Load-bearing concrete façades at the limit of feasibility — New Karlsruhe Tax Office

There is a demand for sophisticated sandwich façade elements beyond uniform large-panel construction that offer visual depth and eye-catching textures. Planning requirements increase in line with the requirements on visual appearance. Designing the facing shells by means of finite elements requires a definition of the elastic properties of the anchors and of the bedding modulus of the insulation. These properties and suitable temperature gradients are covered only to a limited extent in technical approvals or standards. The scope of the structural specification for shells alone surprises test engineers and offers a wide range of interpretations for analysis, including legal concerns about the application of technical
approvals for anchors. Everybody expects the shells to be free from cracking to the greatest possible extent. Concrete design, on the other hand, only knows crack width control. The design of the elements alone can thus become a limit of feasibility. The façade designer is often expected to take care of the structural specification of the shell as a sideline activity. Questions and costs related to slab restraints, bracing forces, earthquake resistance and fire protection must, in any case, always be clarified at an early stage. Heavily profiled façade elements cannot simply be lifted from an inclined tilting table and transported. Horizontal lifting by means of special anchors generates high stresses resulting from adhesion to the formwork and dead load even in the fresh state. The various problems are demonstrated based on a number of projects realized by Dreßler Bau, with the Karlsruhe Tax Office façade being a prime example of cooperation between all parties involved. Architects, structural engineers and test engineers worked on the problems at hand in an open dialog, including the Technical University of Kaiserslautern, which provided special support for the application of the technical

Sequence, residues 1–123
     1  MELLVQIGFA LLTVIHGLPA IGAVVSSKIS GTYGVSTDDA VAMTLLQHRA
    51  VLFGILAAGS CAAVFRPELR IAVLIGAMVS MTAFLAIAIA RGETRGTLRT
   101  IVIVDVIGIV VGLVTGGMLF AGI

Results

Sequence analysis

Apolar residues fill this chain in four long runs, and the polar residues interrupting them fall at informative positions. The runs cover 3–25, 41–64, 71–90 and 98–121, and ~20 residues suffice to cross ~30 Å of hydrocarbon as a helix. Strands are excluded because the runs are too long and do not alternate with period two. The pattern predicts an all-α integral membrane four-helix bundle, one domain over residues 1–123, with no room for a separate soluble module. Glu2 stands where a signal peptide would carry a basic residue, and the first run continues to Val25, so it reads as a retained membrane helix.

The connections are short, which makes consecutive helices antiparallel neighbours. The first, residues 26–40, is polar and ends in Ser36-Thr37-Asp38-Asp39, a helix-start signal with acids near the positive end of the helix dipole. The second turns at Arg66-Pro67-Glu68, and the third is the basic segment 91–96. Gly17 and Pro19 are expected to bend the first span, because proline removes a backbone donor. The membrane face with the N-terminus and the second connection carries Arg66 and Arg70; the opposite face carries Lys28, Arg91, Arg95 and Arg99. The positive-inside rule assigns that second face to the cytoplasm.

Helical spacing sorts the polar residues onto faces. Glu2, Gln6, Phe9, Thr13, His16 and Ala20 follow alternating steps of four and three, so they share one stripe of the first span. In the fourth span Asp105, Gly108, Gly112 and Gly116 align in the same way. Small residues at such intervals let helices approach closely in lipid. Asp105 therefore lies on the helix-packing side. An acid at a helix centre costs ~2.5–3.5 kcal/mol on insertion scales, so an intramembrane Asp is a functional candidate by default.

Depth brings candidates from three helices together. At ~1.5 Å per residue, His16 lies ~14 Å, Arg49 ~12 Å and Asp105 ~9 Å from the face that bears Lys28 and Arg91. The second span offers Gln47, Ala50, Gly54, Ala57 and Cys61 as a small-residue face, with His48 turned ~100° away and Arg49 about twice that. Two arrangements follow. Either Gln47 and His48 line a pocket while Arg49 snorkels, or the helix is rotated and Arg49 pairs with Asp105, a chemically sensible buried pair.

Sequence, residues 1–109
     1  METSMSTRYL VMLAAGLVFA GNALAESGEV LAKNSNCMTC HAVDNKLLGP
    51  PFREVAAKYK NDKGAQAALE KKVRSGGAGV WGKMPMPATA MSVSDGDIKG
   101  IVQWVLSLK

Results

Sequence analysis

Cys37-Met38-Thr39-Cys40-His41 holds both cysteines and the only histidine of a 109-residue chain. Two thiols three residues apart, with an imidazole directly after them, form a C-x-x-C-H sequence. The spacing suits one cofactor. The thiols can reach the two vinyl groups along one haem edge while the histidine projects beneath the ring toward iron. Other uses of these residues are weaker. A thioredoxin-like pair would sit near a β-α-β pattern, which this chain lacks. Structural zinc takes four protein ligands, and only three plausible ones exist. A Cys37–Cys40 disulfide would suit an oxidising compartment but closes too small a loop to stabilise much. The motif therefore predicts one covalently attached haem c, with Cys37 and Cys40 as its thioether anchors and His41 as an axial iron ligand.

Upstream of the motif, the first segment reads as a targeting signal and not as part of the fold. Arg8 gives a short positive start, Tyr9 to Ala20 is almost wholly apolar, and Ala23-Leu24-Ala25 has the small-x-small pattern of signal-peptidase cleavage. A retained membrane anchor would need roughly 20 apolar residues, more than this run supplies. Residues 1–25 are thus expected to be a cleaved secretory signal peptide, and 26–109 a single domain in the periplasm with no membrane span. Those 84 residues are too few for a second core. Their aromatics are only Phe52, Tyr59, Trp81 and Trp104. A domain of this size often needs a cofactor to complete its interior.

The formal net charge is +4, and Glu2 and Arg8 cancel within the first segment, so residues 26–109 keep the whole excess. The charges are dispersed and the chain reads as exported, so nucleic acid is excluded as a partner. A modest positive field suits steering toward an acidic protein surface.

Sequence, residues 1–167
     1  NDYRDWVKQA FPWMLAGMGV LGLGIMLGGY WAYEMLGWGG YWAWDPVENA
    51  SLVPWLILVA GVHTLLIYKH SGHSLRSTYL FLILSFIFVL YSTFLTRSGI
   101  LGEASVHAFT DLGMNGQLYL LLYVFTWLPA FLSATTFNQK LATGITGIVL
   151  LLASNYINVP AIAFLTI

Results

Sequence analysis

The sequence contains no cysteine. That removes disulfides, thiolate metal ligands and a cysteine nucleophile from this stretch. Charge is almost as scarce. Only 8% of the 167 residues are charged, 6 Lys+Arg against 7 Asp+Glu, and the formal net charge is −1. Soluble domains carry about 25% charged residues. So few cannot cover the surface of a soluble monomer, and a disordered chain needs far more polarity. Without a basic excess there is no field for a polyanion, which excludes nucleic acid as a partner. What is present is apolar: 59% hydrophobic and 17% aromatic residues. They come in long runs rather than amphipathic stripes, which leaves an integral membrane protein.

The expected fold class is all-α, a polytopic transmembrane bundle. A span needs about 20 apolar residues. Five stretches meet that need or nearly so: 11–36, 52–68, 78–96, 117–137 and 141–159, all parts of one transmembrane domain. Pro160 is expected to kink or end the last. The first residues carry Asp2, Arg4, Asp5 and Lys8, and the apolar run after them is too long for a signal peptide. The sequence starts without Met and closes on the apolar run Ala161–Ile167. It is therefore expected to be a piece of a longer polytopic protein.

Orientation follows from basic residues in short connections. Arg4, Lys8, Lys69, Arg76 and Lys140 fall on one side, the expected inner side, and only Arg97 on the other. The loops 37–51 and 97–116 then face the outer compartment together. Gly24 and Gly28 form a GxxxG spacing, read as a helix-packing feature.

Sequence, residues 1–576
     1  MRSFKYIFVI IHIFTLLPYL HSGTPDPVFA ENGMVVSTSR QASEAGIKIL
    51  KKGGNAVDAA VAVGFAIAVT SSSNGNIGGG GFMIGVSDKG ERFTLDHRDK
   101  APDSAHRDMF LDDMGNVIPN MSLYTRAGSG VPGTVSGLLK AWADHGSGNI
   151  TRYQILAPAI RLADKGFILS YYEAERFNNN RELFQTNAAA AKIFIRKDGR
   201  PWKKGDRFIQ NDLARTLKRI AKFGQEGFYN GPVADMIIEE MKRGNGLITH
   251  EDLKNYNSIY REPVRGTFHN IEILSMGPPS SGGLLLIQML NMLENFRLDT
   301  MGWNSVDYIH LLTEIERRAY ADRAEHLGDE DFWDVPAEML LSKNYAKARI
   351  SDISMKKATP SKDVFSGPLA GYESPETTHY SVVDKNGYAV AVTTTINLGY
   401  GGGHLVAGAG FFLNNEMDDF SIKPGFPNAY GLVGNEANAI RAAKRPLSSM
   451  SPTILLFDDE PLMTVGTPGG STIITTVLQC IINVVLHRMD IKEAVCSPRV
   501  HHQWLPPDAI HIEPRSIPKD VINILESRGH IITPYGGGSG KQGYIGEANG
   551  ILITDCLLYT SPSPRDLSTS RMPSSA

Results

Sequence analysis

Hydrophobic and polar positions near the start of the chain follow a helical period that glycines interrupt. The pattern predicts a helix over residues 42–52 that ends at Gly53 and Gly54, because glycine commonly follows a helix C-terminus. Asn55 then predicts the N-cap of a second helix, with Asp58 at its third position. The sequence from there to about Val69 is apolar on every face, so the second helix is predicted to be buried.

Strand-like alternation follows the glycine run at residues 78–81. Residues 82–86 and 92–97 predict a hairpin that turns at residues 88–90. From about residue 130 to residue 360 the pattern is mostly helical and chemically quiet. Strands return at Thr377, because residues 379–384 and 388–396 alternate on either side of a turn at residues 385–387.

approval of the low-cost glass fiber anchor rods made by Schöck. Production of the building elements was a challenge not only in terms of craftsmanship. This is impressively demonstrated by the images included in the presentation.

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